Sharon Redd (October 19, 1945 - May 1, 1992)
Vocalist Sharon Redd had an extensive entertainment pedigree. Her father worked at King Records, her stepfather played in Benny Goodman's band, her brother was a writer/producer for Kool & the Gang and BMP, and her sister (Pennye Ford) is also a professional singer.
Sharon took classical voice lessons as a child in Norfolk, Virginia, and later had the lead role in the Australian version of "Hair" as well as her own television special. Sharon went to London in the mid-'70s while appearing in an American production of "The Wedding Of Iphigenia." After returning to America, she got widespread recognition for being a "Shaffer Beer Girl" and used the exposure to land a job as a background vocalist for Bette Midler.
Once she became one of Bette's infamous "Harlettes" her career took off. Spending several years on the road with Bette Midler she can be seen (and heard) on "Live At Last" and "Divine Madness" among others. "The Harlettes" became so popular on Bette's tours that they eventually recorded their own album for Columbia Records which spawned the 12" single "Can't Dance (Dance, Dance, Dance)," a minor club hit.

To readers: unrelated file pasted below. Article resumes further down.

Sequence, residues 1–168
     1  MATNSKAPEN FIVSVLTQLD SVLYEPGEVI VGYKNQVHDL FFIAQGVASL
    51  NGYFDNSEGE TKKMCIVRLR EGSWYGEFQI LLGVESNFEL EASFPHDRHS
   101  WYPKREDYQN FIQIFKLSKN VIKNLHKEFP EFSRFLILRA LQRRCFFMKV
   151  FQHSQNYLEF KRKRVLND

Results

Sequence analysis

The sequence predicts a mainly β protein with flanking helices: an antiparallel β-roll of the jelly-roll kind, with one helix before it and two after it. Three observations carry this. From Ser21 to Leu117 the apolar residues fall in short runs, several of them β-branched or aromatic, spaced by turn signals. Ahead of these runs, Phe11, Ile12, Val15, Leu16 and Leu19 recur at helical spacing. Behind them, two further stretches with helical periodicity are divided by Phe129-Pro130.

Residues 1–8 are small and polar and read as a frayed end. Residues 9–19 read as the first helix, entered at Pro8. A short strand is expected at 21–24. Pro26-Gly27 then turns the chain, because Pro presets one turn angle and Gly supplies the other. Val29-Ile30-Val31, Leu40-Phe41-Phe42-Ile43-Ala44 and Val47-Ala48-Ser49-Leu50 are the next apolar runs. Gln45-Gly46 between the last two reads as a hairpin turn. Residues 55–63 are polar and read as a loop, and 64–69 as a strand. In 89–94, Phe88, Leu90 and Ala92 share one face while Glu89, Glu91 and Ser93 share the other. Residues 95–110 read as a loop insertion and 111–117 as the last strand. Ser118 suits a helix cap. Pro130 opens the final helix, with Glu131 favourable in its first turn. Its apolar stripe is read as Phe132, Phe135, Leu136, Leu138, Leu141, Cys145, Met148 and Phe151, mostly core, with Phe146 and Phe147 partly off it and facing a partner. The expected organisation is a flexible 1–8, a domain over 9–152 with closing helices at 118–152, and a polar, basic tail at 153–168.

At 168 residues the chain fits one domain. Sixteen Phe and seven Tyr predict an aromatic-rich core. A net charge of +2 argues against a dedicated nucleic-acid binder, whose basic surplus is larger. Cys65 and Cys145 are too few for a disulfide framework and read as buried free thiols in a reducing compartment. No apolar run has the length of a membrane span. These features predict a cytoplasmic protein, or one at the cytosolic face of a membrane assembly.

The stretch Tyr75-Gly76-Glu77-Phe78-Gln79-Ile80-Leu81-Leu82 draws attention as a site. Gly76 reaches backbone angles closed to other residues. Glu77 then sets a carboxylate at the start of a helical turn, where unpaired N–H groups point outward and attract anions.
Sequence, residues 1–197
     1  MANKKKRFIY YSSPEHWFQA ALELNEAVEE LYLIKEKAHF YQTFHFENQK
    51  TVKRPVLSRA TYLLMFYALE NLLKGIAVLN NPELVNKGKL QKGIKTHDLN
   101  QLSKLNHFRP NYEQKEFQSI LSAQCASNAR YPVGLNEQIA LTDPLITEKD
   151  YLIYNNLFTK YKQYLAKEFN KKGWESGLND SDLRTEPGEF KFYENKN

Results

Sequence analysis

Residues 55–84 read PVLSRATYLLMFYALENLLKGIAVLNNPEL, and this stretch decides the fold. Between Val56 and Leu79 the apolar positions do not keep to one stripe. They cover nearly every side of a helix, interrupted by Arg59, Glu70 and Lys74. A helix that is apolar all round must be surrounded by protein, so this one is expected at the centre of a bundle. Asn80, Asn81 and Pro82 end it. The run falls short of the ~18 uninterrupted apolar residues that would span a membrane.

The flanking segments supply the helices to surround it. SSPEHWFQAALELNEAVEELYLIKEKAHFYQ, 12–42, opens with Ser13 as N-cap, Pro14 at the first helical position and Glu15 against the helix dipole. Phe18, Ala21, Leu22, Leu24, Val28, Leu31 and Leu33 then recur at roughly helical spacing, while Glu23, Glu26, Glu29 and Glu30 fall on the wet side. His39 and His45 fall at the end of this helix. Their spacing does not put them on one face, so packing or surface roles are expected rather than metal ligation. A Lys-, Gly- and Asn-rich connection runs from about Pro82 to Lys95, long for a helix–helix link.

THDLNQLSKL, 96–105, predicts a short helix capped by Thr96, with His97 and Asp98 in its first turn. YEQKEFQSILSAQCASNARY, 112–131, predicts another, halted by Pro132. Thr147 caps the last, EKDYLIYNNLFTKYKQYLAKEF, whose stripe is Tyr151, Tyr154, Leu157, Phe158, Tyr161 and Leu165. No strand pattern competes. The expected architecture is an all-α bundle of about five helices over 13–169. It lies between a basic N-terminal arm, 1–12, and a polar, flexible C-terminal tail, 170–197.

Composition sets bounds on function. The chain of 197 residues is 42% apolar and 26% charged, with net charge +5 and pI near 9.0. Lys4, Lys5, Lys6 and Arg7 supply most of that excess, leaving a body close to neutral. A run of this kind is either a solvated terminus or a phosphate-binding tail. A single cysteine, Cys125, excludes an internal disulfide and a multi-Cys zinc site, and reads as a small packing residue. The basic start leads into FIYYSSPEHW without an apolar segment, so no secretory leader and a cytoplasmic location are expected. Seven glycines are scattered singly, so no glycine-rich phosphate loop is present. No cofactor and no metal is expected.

She also did background vocals on Norman Connors' "You Are My Starship." Her most famous recording prior to her solo releases in the 1980's was a non-credited lead vocal on the club smash "Love Insurance" by Front Page in 1979.
Based on the strength of that single she was offered a contract with the small Prelude Records label. Her debut release "Sharon Redd" in 1980 spawned the huge club hit "Can You Handle It."
Her 1982 sophmore release featured the even bigger hits "Never Give You Up," "Beat The Street," and thanks to a Hot Tracks remix "In The Name Of Love." "Redd Hot" produced by Eric Matthews and Willie Payne remains her biggest selling album to date.
Her third and final release, 1983's "Love How You Feel," once again missed the radio mark but shot up the club charts. 12" singles of the title track and "You're A Winner" once again became instant club classics. Then as musical club tastes shifted in the mid-80's she dropped from sight. A 1989 "Best Of" was thrown together to capture additional sales but her glory days were essentially over. She returned in 1991 with a new single, "All The Way To Love," but this was to be her last, with the exception of reissued remixes of her earlier hits, most notably DNA's reworking of "Can You Handle It" which charted shortly before her death in 1992.
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